Related to T1901 I also want to make a suggestion how Matrix looks for me.
I've created a general approach which is based on modules.
- We have the frontend which is used by some stakeholders. Those are communicating with the web frontend (in the end with the web backend) or with the web backend REST-API.
- The backend is the gate to the database and processes any logic that's based on direct interaction with Matrix. This means that the user will never communicate directly with pyfunceble.
- The database itself is relational in this approach as I had no better idea. For DB-concept of the versiong system please have a look into T2686#58532. In the overview there's just one database which doesn't mean that we cannot have a separate DBMS for account management or a Redis DB for caching.
- The asset storage is a central place where generated lists stored that are ready for distributing. Assets are then retrieved by the backend on demand. or by other Matrix-related services like the DNS-servers
- As I learned, Pyfunceble is only for checking the availability of domains. This causes a need for another aplication which cares about provisioning the local services, generating assets like RPZ-rules etc. This work could also be done by the web backend but to keep it modular I decided to draw a worker. This worker has an API which the web backend is communicating to. As long as we have only one worker, he can also to the iterating jobs.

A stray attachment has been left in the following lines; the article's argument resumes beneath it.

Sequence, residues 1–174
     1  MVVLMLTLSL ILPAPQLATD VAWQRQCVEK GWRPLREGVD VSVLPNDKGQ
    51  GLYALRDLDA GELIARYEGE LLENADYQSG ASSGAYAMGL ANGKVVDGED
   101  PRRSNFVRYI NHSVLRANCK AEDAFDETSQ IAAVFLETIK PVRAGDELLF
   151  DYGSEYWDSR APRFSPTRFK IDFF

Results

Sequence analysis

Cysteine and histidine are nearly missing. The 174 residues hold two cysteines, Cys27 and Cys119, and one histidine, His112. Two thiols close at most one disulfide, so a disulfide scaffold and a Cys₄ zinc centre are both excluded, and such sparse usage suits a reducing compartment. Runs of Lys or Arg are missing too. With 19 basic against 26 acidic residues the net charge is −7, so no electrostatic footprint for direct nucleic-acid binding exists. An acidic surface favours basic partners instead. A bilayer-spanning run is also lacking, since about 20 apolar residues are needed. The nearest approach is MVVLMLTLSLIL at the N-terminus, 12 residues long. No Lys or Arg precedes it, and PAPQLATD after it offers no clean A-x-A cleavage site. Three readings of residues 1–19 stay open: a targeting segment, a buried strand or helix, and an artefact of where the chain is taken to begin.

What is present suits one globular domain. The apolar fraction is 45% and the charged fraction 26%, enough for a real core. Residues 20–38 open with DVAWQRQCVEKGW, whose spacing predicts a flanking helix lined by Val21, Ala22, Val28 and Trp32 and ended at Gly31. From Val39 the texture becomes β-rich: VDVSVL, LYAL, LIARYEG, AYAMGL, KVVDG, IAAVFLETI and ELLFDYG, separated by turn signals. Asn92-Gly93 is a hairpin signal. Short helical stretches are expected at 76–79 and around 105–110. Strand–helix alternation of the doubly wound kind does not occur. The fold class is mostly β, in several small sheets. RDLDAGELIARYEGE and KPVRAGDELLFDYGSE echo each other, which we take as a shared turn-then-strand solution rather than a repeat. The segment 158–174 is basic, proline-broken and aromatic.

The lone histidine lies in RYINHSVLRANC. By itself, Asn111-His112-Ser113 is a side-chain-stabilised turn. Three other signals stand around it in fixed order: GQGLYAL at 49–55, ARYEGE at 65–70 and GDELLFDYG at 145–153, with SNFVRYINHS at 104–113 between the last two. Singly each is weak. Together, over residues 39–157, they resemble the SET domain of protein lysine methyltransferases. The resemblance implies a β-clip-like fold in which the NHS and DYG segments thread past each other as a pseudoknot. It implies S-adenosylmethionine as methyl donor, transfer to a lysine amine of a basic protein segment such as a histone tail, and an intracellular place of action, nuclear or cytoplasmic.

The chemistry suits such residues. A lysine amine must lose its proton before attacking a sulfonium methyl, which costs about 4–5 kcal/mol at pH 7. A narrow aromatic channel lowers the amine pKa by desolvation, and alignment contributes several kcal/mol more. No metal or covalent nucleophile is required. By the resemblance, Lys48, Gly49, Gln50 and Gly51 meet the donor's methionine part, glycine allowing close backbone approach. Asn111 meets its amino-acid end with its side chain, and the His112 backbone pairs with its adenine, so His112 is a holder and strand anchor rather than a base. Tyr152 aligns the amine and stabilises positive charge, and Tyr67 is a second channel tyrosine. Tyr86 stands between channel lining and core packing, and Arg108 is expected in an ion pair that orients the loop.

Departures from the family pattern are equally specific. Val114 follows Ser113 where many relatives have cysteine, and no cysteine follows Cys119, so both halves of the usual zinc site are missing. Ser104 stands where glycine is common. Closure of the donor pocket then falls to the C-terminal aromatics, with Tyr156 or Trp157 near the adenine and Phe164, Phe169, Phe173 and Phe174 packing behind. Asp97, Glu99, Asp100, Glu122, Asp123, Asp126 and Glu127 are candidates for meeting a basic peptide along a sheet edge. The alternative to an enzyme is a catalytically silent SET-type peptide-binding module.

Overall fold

- Pyfunceble does the checks for active domains It reports back wheth the collected results about which domains are dead and which cname-mappings (exemptions) are live. This data can be processed in later business products. Inactive domains can be committed over the web backend into the database and then distributed to other projects via web backend.
- The DNS auth server gets the RPZ-rules by the worker. Consumers can then download the RPZ-rules via DNS after they saw that the serial number of the zone changed.
- The DNS-recursor (not on the picture) isn't what I cared about long time but with T1900#58535 in mind I strongly recommend to let only the backend talk with the DNS-server to set ACLs.
The system can be monitored by Icinga and logs can be collected and aggregated with Graylog on Elasticsearch.
For the web backend I recommend SpringBoot (Java framework for web applications) as it has a running instance which results in faster processing and lower query time on the API-side. The web backend can be split into retrieving data from asset storage, backend api and frontend api. This makes maintenance and downtime-handling easier. For the worker I'm not sure if we shall rely on SpringBoot or Python. I've no experience with Python. A plus to Springboot is that it delivers a built in scheduler which would be nice for periodically iterating jobs.